Casey tours USD-S Operations
April 28, 2010
- Gen. George Casey, chief of staff of the Army, visits COB Basrah in southern Iraq
- "The Big Red One always does a magnificent job....I'm very impressed with the way the division has organized [itself]," Casey said
Gen. George W. Casey Jr., U.S. Army chief of staff, met with leaders of United States Division-South April 28 to discuss operations within the division and the work being done as U.S. Forces transition out of Iraq.
Casey joined Soldiers from various brigades for lunch and then met with Maj. Gen. Vincent K. Brooks, commander of 1st Infantry Division and USD-S.
Casey said of the four-hour visit that he was struck by the work accomplished by the 1st Inf. Div.
"The Big Red One always does a magnificent job and my association with the division goes back many, many years," Casey said. "Having been in Iraq for two-and-a-half years, dealing with these provinces, I'm very impressed with the way the division has organized [itself], and the plan that they have to execute the transitions that have been laid out."
During the course of the visit, key leaders informed the general on various aspects of that plan, including overall efforts to train Iraqi Security Forces, as well as their approach to build more civil capacity in southern Iraq.
"I think they're exactly on the right track and I have every reason to believe that the division's going to be more than successful in accomplishing the mission," Casey said, following a comprehensive briefing.
During the information sessions, Casey was also briefed by commanders of several brigades working in USD-S, including 4th Brigade, 1st Armored Division from Fort Bliss, Texas; 3rd Brigade, 3rd Infantry Division from Fort Benning, Ga.; and 3rd Brigade, 4th Infantry Division from Fort Carson, Colo.
Brigade commanders discussed their units' evolution into "advise-and-assist" brigades. Casey said this transition is in line with the Army's goal for a responsible drawdown of forces, as well as its modular template.
The Army chief of staff said that the modular formations allow brigade commanders to tailor their units to meet their own unique needs best suited for their area of operation and was a crucial part of the transition from a tactical mission in Iraq to one focused on advising and assisting the ISF.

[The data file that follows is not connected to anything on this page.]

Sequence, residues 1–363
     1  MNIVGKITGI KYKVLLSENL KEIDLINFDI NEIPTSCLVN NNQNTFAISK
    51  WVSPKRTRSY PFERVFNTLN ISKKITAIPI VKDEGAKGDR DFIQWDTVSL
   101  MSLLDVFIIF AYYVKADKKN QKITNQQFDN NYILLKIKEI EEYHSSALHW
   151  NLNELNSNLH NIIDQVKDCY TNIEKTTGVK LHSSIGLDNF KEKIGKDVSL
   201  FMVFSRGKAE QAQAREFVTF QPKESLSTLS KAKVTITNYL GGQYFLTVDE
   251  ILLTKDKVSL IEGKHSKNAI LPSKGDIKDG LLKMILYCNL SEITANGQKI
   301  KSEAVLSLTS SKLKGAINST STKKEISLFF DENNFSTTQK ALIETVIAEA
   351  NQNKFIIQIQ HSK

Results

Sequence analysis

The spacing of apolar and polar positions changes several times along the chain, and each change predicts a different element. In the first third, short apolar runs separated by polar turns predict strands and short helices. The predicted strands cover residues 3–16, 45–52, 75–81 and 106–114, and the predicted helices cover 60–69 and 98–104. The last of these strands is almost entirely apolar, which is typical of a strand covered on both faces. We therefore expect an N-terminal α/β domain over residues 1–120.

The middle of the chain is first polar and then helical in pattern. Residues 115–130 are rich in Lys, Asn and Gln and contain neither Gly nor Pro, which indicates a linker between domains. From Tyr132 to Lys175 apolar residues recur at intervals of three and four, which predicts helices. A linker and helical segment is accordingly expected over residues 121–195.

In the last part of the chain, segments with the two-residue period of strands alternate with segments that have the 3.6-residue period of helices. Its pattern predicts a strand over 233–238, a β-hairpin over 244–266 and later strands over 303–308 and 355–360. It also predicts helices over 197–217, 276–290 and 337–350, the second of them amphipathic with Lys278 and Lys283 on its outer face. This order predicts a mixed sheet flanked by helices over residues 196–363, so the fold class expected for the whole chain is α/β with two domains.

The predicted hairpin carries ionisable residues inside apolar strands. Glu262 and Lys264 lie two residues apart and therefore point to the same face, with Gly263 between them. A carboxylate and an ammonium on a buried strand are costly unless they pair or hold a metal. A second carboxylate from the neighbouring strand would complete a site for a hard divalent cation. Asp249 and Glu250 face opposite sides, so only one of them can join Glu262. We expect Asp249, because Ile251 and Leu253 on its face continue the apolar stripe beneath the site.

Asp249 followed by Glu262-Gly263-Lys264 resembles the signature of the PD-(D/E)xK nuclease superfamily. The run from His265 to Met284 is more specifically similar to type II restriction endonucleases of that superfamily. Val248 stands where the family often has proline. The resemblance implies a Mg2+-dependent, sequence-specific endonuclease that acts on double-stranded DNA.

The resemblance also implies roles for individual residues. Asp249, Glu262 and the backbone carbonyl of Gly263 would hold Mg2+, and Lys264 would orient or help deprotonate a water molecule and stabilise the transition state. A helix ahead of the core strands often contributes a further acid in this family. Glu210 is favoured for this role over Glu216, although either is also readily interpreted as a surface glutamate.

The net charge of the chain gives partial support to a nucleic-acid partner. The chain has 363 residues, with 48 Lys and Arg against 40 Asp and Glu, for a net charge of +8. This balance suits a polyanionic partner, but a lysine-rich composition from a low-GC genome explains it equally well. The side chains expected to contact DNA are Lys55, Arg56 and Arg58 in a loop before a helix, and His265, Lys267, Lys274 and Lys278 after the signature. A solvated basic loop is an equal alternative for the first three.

According to Casey, the Army has converted 90 percent of its 300 brigades to modular formations, explaining that these formations are much more versatile than past models.
"There's not a cookie cutter solution; there's a general design," he said. "Each of the brigade commanders have taken the resources that we've given them and applied them in their areas. I think, again, it's just a demonstration of the versatility of the organization of our modular formations."
Casey talked about newer efforts being put forth to ease the stress that deployed Soldiers face today. According to Casey, 500,000 Soldiers have already taken the Global Assessment - a tool to help Soldiers identify where they rate within a five-pillar wellness concept that includes: physical, mental, emotional, spiritual, and family support.
"The comprehensive fitness program is designed to bring mental fitness up to the same level that we give to physical fitness," he said. "It's intended to give all of the Soldiers the skills they need to be better Soldiers and to be more resilient and to deal with challenges. I'm very pleased with the progress that we've made."
Acting on the resiliency concept, Brooks plans to open a resiliency campus on COB Basra in August.
In October 2009, the Army began training Master Resilience Trainers to help Soldiers facing deployments.
"The most powerful part of the program is the Master Resilience Trainers," Casey said. "Those trainers are designed to bring the skills down to platoon level - and that's where this works best. It's just something we've got to ingrain into our culture because we're going to be deploying at a pretty steady tempo for the next 10 years."
Casey said the progress he sees in Iraq - whether it's better infrastructure and services for the Iraqi people, or taking care of Soldiers on the ground - is the evolution of a plan first set in motion in 2005.
"We've grown the Iraqi Security Forces to a level where they are taking control of their own country and that's exactly what we set out to do five years ago," he said. "So I couldn't be prouder of what all the men and women of the Army have done and have contributed here in Iraq. We're in a much different place today than we were five years ago - it's a much more positive place."